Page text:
Monday marked the beginning of the end for for Nathan Bedford Forrest High School in Jacksonville, Fla.
In a 7-0 vote Monday afternoon, the Duval County School Board approved a change for the 54-year-old school named for the former Ku Klux Klan leader. When the new school year begins in August 2014, the school will have a new name, presumably one not associated with the KKK.
“It is clear that the Nathan B. Forrest name represents disparate views that have led to a cloud of divisiveness that we have had an opportunity to address and remove today,” Nikolai Vitti, superintendent of Duval County Public Schools, said in a statement. “I am convinced that my recommendation and the board’s decision will move Jacksonville and the school district forward and allow us to focus on what matters most – student achievement.”
Despite the fact that more than 60 percent of the school’s 1,300 current students are black, the name change did not come without resistance. The school board on Monday also released the results of a survey it conducted in December among various stakeholder groups. Among the 111 faculty respondents, only 48 percent supported a name change. Among the 93 community member respondents, only 25 percent supported a name change. And among 339 alumni respondents, only 6 percent supported a name change.
As the school board worked up to Monday’s vote, opposition in Jacksonville was also voiced by H.K. Edgerton, a black “Confederate activist” whose Georgia-based organization, Southern Heritage 411, was founded to “inform the public about Southern Heritage from the perspective of the hundreds of thousands of black people who love and support the South, its people, its customs, and its history.”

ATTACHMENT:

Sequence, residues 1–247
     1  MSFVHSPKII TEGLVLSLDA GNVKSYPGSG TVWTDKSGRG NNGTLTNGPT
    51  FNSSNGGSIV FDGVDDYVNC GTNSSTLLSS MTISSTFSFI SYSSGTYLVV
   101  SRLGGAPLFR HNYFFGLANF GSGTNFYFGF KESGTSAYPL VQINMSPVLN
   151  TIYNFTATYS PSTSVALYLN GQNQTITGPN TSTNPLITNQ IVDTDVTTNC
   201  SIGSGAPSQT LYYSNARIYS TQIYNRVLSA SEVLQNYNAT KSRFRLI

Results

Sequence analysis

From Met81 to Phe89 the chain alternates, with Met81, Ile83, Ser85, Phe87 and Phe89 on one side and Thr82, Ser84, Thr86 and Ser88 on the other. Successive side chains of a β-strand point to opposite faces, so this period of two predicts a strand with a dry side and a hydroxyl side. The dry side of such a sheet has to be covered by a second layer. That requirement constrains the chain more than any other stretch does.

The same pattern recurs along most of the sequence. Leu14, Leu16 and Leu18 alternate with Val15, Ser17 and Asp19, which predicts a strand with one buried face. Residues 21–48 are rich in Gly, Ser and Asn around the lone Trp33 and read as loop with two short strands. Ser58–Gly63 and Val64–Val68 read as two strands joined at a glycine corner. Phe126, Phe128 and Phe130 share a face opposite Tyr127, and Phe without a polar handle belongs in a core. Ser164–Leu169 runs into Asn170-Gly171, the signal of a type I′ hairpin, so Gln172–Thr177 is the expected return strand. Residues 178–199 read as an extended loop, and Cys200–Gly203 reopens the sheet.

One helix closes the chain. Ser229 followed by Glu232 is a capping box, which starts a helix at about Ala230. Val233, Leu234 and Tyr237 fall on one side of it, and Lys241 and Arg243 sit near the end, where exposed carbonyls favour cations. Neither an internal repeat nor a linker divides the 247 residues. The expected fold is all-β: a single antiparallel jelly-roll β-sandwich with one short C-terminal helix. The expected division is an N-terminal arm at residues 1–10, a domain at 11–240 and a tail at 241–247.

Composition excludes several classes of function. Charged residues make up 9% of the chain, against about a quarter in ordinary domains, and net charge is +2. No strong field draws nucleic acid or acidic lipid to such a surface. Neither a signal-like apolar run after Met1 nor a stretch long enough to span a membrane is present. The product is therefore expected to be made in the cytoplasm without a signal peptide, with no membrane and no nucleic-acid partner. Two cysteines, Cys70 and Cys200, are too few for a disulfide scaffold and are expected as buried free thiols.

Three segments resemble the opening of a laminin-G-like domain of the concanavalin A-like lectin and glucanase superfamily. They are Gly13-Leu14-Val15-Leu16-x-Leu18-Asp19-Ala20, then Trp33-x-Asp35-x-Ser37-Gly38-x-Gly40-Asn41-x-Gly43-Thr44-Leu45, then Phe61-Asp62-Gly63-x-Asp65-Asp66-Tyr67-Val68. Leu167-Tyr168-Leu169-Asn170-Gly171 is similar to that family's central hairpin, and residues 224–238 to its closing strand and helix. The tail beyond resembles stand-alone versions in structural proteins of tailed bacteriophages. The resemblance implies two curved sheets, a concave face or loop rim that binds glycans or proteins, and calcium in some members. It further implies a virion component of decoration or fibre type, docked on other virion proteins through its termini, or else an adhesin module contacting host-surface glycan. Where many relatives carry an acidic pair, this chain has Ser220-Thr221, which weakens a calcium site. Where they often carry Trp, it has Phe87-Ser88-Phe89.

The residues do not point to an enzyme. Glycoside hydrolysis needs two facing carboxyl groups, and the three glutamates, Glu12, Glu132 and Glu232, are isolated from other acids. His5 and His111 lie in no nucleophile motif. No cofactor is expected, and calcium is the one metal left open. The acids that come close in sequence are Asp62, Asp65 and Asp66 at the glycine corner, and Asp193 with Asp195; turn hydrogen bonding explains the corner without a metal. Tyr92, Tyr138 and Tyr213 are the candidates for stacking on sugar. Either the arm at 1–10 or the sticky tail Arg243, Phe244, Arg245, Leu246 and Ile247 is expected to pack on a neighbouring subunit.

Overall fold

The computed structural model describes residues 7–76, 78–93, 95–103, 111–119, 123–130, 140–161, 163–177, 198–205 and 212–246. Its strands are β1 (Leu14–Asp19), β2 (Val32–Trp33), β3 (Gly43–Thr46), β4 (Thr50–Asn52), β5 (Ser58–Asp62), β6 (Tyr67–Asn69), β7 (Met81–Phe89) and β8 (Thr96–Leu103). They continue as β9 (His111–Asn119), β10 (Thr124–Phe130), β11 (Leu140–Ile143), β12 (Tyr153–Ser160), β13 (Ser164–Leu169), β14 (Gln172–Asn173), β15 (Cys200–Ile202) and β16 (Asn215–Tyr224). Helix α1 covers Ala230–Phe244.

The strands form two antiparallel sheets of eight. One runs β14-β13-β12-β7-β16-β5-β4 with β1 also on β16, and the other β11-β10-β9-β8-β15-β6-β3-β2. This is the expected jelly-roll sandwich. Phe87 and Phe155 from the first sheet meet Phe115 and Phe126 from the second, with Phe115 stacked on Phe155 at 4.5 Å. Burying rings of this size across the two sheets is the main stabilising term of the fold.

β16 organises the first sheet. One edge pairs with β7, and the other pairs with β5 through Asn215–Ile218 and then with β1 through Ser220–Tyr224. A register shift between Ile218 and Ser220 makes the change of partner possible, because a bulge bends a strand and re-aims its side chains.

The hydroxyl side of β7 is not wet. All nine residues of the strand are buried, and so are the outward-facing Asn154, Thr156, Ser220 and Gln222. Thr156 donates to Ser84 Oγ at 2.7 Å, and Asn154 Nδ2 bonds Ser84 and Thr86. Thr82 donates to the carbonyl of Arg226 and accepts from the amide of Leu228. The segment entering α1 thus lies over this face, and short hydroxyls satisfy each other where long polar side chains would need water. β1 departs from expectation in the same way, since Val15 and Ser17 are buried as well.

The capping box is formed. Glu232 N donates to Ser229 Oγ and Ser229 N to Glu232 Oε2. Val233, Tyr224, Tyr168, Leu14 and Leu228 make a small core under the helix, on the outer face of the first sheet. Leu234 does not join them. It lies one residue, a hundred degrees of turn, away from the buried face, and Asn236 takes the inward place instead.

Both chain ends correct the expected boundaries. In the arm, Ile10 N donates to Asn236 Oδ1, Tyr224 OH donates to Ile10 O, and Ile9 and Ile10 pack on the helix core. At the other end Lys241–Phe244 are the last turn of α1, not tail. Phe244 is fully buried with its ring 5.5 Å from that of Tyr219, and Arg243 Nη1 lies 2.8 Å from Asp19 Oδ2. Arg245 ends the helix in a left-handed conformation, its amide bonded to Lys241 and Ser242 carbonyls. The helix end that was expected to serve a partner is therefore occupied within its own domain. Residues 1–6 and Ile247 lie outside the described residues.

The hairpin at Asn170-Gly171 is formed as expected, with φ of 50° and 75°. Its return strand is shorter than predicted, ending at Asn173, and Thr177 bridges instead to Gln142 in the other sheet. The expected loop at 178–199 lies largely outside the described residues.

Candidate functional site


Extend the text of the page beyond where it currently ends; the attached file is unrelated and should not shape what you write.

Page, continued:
Edgerton has been busy in the Jacksonville area lately. A few weeks ago, he was in the news for attending a public meeting in Lake City, Fla. concerning a Union monument proposed for the Olustee Battlefield Historic State Park. At that meeting, Edgerton led opponents of the project in a rendition of “Dixie” while he waved a large Confederate flag.
Edgerton told TPM on Monday that he had been in Florida again last week. Last Wednesday, he demonstrated outside Nathan Bedford Forrest High School, and he was joined by several members of the the Sons of Confederate Veterans — the same group that is opposing the Olustee monument.
“I was standing outside in my uniform, with my flag in my hand,” Edgerton said.
According to Edgerton, a school official on Wednesday tried to get him to leave, but he refused. Ultimately, though, Edgerton said he could not stay in Florida through Monday’s deciding school board vote. Edgerton sent TPM a copy of an open letter he wrote, containing what he had hoped to say at Monday’s meeting.
The letter begins (perhaps sarcastically?) by arguing that Dr. Martin Luther King Jr. — because he “broke the sacred vows of a minister,” “consorted” with Communists, and “staged the so called bus debacle” with Rosa Parks — should not have streets or monuments named after him. The letter accuses “United States Colored troops and their White Yankee Officers” of committing “many heinous crimes against the Southern people.” And it defends Forrest as a “friend to the African people.”
“The Honorable General Nathan Bedford Forrest would be called a nigger lover, but never to his face, because of the oft spoken love and affection that he showed in his actions to the African people and especially to those men who rode with him during the war and who would attest to his courage, compassion, and the many lies spoken about him after the war to a man would deny,” Edgerton wrote. “Delight in this madness against a friend to the African people if you must, but heed my warning for very soon you will not be in the drivers seat as your time of sacrifice will come. And you will have to say goodbye to those you hold sacred as those of us who are loyal to the memory of those Southern men and women, be they freed or indentured, Red, Yellow, Black and White who made an honorable Stand against a man who would breach the contract that they forged together.”
Despite the efforts of Edgerton and others, not everyone who responded to the Duval County School Board opposed a name for the school. More than 1,000 current students filled out the survey. Sixty-four percent supported the change.
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